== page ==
If you're interested, here's a 1963 video of Dr. Kenneth Clark interviewing James Baldwin. The meeting(s) with Attorney General Robert F. Kennedy may have taken place in May, a few months before the March on Washington in August.

 

When Kenneth Clark asks him (at 3:23 in the video) where he attended school, he merely says "P.S. 24...and P.S. 139," he doesn't mention DeWitt Clinton High School. 

 

http://www.youtube.com/watch?v=Rt-WgwFEUNQ&feature=related 

 

Message Edited by x-tempo on 03-08-2009 06:18 PM
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Bridget2
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Re: If I Could Pay You Less, I Would

This was my favorite chapter in the book.  I worked in an iced cream shop for six years when I was a teenager, and Whitehead has done an excellent job in describing the atmosphere: the clouds of fruit flies, the smears of ice cream up and down your forearm, the awkwardness of parents lifting their children up to the window to watch you as you scooped rock-hard vanilla into waffle cones, the fact that by the end of summer, you had one arm with larger muscles than the other!  Reading this chaper really brought me back.  And I, too, get sick at the smell of ice cream! 
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Jennmarie68
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Re: If I Could Pay You Less, I Would

I had the same thoughts about Benji and Reggie's relationship. Benji seems to simply be the same Benji (short of the whole "Ben" thing). Reggie seems to be the one that is trying to change who he is by doing things that don't define him as half of Benji and Reggie, which works out to Benji's advantage given that he started the summer with the same train of thought.

 

I'm still only about half-way through the book (I had to quit reading for a while so I could write my final paper, school takes so much time away from reading... LOL) so I don't know if there is more to these two growing apart, but as of where I am now I have to say that I agree with you 100%.

 

I would give you a Laurel for this comment but it seems that I am out???

Nobody can make you feel inferior without your consent.

Eleanor Roosevelt
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Jennmarie68
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Re: If I Could Pay You Less, I Would

I still have a hard time getting out of bed, for any reason. I can't imagine getting up and going to work while still being so young and without anyone to make do it. I almost had to re-take one of my classes my senior year because I was late so many times. My sister would get up and if I wasn't awake yet she would just take the bus cause he knew that if she waited for me to drive her she would be late. So I have to agree with you, I can not see myself getting up and going to work without being made to, at least as a teenager.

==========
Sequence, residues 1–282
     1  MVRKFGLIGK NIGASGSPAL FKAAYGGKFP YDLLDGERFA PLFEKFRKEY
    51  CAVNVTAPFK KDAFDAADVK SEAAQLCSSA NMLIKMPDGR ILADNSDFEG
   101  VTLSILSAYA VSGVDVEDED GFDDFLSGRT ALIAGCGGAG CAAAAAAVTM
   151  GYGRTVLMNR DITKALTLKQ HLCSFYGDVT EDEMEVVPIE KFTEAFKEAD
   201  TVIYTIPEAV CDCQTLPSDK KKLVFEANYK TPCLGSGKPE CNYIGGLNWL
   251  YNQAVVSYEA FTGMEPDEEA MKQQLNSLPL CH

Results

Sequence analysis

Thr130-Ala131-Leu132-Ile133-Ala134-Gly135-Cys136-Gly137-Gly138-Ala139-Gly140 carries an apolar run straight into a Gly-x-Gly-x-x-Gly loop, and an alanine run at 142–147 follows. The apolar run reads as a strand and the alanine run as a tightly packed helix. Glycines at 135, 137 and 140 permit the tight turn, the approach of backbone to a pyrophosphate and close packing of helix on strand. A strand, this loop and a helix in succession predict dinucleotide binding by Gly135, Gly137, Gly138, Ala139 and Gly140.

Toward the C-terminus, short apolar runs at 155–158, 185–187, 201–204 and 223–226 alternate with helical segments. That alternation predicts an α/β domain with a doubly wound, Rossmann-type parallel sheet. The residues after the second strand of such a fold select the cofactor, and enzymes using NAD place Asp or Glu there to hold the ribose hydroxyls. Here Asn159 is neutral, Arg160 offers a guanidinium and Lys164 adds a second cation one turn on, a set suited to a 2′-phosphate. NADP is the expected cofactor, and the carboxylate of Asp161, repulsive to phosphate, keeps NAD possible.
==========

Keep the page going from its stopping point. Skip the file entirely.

Nobody can make you feel inferior without your consent.

Eleanor Roosevelt
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Jennmarie68
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Re: If I Could Pay You Less, I Would

IBIS,

 

I love the humor that Mr. Whitehead puts into almost every situation Benji gets into. I find myself laughing quite often when reading this book. While I think this would have been a good book on its own the humor makes it that much better. 

Nobody can make you feel inferior without your consent.

Eleanor Roosevelt
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Jennmarie68
Posts: 127
Registered: ‎02-09-2009

The Great Coca-Cola Robbery

I wanted to add something about this chapter that just struck me as something I wanted to mention: The Great Coca-Cola Robbery

 

Now I've read a few posts that talk about how there was too much about this, but it really struck a cord with me. 


I wasn't old enough to remember when they changed the coke formula, but I am addicted to the stuff now, so I understand what Benji is talking about. I don't know what I would do if they changed the formula for that great brown drink that can eat a bone away to nothing. I drink way too much of it, and (like coffee for some) if I don't have a can in the morning when I wake up I'm not a happy camper. So Benji's actions when his beloved Coca-Cola was changed are almost exactly the same as what I would have done. 

 

For me drinking a Pepsi is not the same as drinking a Coke, there is just something about Coke wins hands down for me. Even the difference between bottled, canned, and founatin pop is something I feel strongly about.  Now I don't know that I would have tried to steal coke from someone but if Coke announced today that they were going to change the formula I would drive to every store in a 50 mile radius to stock up so that I had enough to ween myself, eventually.